Environmental Law

New Wyoming law turns environmental activists into criminals, law prof says

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A new Wyoming law that makes it a crime to collect “resource data” from open land is so broad that it could criminalize taking a picture of a geyser on public land, according to a University of Denver law professor.

The law bars the collection of environmental data from open land—whether it’s state, federal or privately owned—if the information is intended to be submitted to the state or federal government, according to a Slate article by the law professor Justin Pidot.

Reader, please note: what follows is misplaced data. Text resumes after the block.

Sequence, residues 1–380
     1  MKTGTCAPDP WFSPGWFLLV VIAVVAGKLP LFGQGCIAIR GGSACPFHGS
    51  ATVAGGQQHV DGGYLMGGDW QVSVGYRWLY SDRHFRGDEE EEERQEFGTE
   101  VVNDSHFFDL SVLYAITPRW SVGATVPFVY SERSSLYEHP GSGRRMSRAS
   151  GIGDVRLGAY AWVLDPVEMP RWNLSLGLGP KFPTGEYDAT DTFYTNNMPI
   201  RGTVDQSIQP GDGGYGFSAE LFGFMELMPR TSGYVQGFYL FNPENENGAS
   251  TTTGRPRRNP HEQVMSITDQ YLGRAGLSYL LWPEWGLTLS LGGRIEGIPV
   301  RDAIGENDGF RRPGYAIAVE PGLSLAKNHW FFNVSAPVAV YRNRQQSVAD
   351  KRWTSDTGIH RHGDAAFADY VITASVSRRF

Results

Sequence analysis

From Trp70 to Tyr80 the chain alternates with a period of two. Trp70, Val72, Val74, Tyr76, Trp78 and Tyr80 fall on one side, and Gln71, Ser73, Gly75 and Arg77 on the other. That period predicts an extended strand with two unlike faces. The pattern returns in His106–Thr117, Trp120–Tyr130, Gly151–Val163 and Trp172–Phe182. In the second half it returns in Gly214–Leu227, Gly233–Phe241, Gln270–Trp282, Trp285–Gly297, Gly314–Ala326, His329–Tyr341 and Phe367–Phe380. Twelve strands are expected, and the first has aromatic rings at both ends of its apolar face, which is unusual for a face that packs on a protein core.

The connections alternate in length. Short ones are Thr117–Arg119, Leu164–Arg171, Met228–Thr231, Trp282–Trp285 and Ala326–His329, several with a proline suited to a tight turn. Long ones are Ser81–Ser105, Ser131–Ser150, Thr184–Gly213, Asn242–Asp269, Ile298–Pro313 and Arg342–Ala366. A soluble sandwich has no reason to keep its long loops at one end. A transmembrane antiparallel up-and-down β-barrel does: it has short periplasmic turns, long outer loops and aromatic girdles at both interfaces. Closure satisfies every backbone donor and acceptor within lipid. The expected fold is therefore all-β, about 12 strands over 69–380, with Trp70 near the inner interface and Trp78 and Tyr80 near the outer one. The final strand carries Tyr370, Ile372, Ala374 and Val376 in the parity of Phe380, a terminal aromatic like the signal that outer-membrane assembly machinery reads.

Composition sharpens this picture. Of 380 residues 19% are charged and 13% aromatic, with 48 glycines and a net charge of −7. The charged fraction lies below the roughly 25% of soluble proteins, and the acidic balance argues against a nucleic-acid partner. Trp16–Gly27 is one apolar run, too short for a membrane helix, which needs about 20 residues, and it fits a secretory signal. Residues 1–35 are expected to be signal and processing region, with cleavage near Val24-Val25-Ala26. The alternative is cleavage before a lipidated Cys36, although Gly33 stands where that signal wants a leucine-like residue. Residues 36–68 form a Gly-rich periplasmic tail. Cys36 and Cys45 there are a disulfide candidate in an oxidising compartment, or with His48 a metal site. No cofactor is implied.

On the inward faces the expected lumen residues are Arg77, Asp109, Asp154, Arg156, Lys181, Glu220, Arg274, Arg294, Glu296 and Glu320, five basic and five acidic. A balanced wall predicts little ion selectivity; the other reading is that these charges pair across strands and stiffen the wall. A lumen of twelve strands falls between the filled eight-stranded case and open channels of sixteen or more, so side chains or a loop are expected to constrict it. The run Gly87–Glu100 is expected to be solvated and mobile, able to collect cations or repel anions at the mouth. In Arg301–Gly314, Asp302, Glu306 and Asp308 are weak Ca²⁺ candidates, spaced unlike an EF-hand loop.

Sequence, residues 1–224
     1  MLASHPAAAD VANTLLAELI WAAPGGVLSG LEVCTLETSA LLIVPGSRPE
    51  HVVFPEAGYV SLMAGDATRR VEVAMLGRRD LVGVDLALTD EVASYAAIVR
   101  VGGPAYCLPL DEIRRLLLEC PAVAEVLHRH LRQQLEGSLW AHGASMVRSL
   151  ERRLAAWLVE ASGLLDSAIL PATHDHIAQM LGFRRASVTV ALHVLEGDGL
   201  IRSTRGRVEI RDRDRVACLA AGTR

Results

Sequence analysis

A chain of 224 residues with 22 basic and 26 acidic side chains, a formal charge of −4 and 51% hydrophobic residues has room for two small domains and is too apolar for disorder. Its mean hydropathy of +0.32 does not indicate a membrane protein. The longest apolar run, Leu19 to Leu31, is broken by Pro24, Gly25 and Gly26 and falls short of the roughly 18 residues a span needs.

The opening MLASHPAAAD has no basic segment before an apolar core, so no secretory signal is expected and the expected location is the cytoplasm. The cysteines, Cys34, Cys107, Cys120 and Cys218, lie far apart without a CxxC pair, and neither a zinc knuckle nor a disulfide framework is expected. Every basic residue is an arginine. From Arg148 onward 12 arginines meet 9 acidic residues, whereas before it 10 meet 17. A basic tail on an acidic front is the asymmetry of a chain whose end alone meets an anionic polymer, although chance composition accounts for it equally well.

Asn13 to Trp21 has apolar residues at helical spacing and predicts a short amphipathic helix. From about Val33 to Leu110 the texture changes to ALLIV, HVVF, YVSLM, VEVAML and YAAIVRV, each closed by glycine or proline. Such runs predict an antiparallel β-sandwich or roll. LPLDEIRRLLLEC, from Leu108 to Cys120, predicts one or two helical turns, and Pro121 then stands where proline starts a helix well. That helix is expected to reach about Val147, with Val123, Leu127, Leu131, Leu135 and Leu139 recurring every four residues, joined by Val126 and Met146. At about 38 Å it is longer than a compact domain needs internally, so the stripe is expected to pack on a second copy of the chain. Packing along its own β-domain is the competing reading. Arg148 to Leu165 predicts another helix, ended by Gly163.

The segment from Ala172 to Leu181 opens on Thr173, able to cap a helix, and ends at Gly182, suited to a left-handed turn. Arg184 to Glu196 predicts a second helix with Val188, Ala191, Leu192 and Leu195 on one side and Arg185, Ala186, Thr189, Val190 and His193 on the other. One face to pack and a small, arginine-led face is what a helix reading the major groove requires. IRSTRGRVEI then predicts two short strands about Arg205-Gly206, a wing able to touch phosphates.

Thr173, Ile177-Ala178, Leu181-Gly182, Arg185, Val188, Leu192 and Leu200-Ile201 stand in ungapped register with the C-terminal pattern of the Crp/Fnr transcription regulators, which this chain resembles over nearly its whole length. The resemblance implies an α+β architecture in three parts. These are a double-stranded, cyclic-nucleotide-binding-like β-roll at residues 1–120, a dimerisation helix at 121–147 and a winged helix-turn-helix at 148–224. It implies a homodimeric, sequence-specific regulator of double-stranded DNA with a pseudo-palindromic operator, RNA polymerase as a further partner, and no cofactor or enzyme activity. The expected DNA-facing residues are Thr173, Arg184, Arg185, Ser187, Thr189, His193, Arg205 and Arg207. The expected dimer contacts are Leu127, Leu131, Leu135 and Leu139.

The law is intended to conceal that many streams are contaminated by E. coli bacteria, which likely comes from cattle near the streams, Pidot says. “The ranching community in Wyoming wields considerable political power and has no interest in [obligations to manage their herds], so the state is trying to stop the flow of information rather than forthrightly address the problem,” Pidot writes.

Pidot asserts that the law interferes with federal environmental statutes, violating the supremacy clause, and violates First Amendment rights to engage in free speech and to petition the government.

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